propose various divisions, to advance more than one basis for the classification of economic forms, dependWhat is ing upon the aims pursued by the investigation. that, alongside important for us in this connection is the fact of other forms of social division of labour, there exists a division of labour between "national economies," between
It is possible to

various countries, a division of labour which oversteps the

boundaries of the "national economy,"
sion of labour.

^an

international divi-

There

exist

two kinds of prerequisites

for

an international

division of labour:

natural prerequisites conditioned

by the

differences of the natural

medium

in

which the various "pro-

live, and prerequisites of a social nature by the differences in the cultural level, the economic structure, and the development of productive forces

duction organisms"

conditioned

in the various countries.

Let us

start with the former.

etc. it brings the differing spheres of production into relation one with another. Exchange does not create the difference between the spheres of production. for example. France. Arabia. Germany. partly in Central America. since we deal here to a certain extent with what is known as the Coal. If we take the production of minerals. namely. a product playing a very large British India. and thus transforms them into more or less interdependent branches of a social collective production. Galicia). India. ported from countries with large coal deposits (England. to a Africa. take the vegetable kingdom. a product occupying the first rank among all fibrous plants due to its importance in economic life is produced in the United States. It is not difficult to find numerous illustrations for this assertion. and the Russian Central Asia territories.).). there occurs an exchange of their several products one for another. Holland. iron ore is ex- tracted in ^Karl Marx: p. It is owing to the existence of these spontaneously developed differences that. It is grown mainly in Brazil. United States. Coffee can be produced only under certain climatic conditions. Jute. when communities come into contact. British Central German East Africa). in tropical coimtries. Peru. I (English translation In the following examples we do not cite the countries where a given article is merely produced. part in modern production. . etc. Consequently their methods of production. Let us. from India. also requires certain climatic conditions.^ This difference in the spheres of production results here from the differences in the natural conditions of production. Austria. modes of life. it is exported. and its production is limited to a few countries (Brazil. Cocoa can be produced only Rubber. Ecuador. we cite only those countries from which 371. the Cau- casus. Roumania. much lesser degree in Africa (Abyssinia. which takes the second place. Newfoundland. are different. Malakka). by Eden and Cedar Paul). Algeria. Sweden. Spain. and in Asia (Dutch India. Cotton. kerosene is produced in countries having an abundance of oil (United States. China. Capital. Asia Minor. is exported from one country only. so that these products gradually become transformed into commodities. India. we find the same picture. and products. is ex"natural resources" of a country. Guiana. for instance.WORLD ECONOMY DEFINED ferent 19 Different communities discover in their natural environment dif- means for production and subsistence. Egypt. Bolivia. Vol.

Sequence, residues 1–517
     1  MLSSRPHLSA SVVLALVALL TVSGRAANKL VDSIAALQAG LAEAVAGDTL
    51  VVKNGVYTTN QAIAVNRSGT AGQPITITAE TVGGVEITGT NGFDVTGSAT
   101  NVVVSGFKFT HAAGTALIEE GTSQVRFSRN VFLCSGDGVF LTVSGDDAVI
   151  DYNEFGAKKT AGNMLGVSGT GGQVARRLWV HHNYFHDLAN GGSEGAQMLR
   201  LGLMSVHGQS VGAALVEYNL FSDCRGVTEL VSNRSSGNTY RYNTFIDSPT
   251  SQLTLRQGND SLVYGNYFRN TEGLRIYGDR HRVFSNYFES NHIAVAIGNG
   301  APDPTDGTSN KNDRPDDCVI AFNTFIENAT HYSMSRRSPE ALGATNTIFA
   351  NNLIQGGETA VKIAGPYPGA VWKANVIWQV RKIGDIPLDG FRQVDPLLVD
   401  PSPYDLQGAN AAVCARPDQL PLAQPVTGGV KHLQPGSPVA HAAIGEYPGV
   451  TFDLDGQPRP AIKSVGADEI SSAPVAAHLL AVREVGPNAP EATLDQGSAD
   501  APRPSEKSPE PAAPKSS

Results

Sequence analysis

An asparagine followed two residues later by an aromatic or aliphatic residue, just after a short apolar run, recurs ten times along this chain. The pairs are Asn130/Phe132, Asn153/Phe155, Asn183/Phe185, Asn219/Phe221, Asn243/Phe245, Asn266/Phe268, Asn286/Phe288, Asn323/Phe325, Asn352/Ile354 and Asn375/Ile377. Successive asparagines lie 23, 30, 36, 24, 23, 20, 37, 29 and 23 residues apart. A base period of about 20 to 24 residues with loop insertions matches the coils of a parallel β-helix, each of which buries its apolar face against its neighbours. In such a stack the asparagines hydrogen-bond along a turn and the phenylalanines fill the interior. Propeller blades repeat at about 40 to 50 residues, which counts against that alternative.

Mexico.). . Chile. lose their negative significance in a country with a highly more important tj^aes Still developed technique (tunnels. manganese ore is to be found mainly in the Caucasus and Southern Russia. and the like.e. thus increasing the scope of international social division of labour. and agrarian countries exporting the products of agricultural promind the difference duction and importing the products of industry. The foundation of all highly developed divisions of labour that are brought about by the exchange of commodities is the cleavage be1 Ernst Friedrich: P. We have in between industrial countries importing agricultural products and exporting manufactured goods. . and no matter how important the differences in the natural conditions of a country may be for production and transport. mountains formerly obstructing traction. may be "dead capital" in the absence of technical and economic prerequisites for their exOn the other hand. conditions (measured by the human yardstick of time and space) may be regarded as constant entities. copper deposits are in abundance mostly in Spain. Coal deposits. India. etc. and only the combined action of both forces produces the phenomena of economic life. British South Africa. communication. and Brazil. they recede more and more into the background compared with differences that are the outcome of the uneven development of productive forces in the various countries. for instance. United States. Japan. Australia. their negative or positive significance depends While natural to a high degree upon the cultural level of man.^ It tive importance as regards production relations. for us is the circumstance that the unequal development of productive forces creates different economic and different production spheres. must be emphasised that natural conditions are only of relacommerce and transport. swamps making production difficult. Jena. irrigation works.. the cultural differences are certainly as important.20 IMPERIALISM AND WORLD ECONOMY Cuba.. Canada.7- Geographk des Welthandels und Weltverkehrs. as well as . German Southwest Africa. i. Important as the natural differences in the conditions of production may be. and Bolivia. 19". etc. the cultural level of man is a changing entity. .